The first annual of Web of Spider-Man was published in 1985, and was written by Ann Nocenti and drawn by Tony Salmons. Nocenti had been an assistant editor and editor at Marvel Comics for years, while Salmons had mostly worked in alternative and underground comics.
The story begins with Spider-Man going into a jewelry store to foil a heist, which, as the first double splash page shows us, is being carried out by robots. Spider-Man notices that whoever built the robot did so out of odds and ends. And this is clear to the reader as well--- the art style is spindly and down-to-earth, and these robots are something we can imagine someone could have actually built in the 1980s, not the hordes of muscular robots we would usually find patrolling supervillain lairs in the comic books of the era. After fighting the robots to a draw, Spider-Man then goes to find their inventor. In the next few pages, we meet him: a disabled young teenager who is taunted by neighborhood bullies and who has a crush on a neighbor girl who doesn't know who he is. His robot building is not out of malice, although apparently his creative fancies get away with him, and thus the heist. By chance, Spider-Man in his civilian identity as Peter Parker meets the youth, Max, at a science fair. At the same time, an unscrupulous out-of-work actor manages to con Max into building a battle suit for him, a plot which is foiled by Spider-Man in a brief fight, leading to Max learning a valuable lesson, perhaps that with great power comes great responsibility.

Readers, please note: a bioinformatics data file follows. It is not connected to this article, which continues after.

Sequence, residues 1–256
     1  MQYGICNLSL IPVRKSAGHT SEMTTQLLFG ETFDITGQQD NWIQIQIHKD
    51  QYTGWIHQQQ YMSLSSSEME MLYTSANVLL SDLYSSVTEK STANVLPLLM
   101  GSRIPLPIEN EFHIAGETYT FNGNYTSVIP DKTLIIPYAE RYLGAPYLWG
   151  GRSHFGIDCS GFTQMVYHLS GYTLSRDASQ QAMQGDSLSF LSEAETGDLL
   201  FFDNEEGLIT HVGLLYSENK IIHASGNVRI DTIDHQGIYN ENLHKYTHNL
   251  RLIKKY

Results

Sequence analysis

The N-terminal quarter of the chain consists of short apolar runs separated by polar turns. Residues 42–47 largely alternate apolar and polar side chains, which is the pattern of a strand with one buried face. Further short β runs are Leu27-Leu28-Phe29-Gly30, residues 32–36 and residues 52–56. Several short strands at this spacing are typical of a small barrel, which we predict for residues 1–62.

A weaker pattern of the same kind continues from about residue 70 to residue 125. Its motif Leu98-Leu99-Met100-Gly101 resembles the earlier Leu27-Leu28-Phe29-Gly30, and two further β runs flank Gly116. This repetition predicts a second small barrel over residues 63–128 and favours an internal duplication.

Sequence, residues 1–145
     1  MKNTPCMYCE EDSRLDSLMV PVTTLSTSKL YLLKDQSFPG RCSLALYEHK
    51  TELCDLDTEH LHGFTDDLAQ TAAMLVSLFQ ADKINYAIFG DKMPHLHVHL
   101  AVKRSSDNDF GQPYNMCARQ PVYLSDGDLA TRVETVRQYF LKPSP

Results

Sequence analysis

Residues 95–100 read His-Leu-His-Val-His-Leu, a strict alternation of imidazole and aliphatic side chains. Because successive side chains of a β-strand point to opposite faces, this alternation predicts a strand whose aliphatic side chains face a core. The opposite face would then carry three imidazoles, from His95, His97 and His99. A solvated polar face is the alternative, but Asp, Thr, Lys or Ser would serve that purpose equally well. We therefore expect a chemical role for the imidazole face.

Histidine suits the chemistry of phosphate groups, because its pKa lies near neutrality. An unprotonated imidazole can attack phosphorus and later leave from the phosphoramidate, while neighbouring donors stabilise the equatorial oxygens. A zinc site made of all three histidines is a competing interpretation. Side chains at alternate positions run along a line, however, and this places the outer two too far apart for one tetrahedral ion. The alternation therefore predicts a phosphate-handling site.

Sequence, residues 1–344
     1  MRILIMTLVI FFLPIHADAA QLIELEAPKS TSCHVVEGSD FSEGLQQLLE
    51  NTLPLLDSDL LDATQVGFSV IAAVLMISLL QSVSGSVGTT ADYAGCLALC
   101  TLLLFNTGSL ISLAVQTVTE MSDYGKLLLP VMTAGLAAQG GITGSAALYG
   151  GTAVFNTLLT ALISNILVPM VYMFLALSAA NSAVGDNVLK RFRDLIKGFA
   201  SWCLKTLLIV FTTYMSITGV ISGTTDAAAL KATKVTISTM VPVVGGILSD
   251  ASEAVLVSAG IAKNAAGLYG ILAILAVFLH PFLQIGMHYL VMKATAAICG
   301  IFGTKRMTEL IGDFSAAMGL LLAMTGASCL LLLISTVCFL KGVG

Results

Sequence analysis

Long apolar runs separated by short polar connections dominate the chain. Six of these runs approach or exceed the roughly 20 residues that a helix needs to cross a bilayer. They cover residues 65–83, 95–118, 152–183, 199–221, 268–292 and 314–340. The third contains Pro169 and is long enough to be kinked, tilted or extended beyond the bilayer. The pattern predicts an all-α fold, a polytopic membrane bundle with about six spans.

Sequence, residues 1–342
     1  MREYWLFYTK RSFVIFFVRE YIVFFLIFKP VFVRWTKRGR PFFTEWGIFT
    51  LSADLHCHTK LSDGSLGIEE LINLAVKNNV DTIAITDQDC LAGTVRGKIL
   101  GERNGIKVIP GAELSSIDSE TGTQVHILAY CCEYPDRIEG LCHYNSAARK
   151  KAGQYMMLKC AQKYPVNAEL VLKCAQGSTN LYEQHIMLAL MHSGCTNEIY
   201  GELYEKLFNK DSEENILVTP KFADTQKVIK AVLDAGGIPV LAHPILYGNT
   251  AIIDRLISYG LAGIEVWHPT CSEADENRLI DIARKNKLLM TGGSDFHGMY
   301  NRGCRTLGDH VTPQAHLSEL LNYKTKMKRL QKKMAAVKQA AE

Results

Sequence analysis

It is not that surprising of a story. What is surprising is that this really isn't a super-hero story. Sure, we have Spider-Man, sure we have some robots, some scheming villain, and a battle. But what is really at stake is not the outcome of the battle, it is whether Max has the self-confidence to stand up for himself and pursue his dreams despite his disability. The art is also drawn in a style that is different from most super-hero comics. It is more realistic in some ways, because it focuses on real-life situations, but also is a bit surrealistic, with the poses, action and facial expressions seeming more stylized than in a typical super-hero comic. Given how important Spider-Man is for Marvel, I wondered how this came about: an annual is a big event, and yet it was given to someone not commonly associated with Spider-Man to write, and to someone not even part of the mainstream comics world to illustrate. It seems to me to be a risky move---but one I felt paid off. It also made me rethink my usual historiography of Marvel Comics. This was published when Jim Shooter was Editor-in-Chief, and Shooter was known for reeling in Marvel's wilder tendencies. And yet, here we have an experimental, personal story published when Shooter was supposedly giving out a more standardized product, in contrast to the regular destruction of the world that would take place during the Tom DeFalco years, in such storylines as Atlantis Attacks or The Evolutionary War. Perhaps I should re-examine my stereotypes.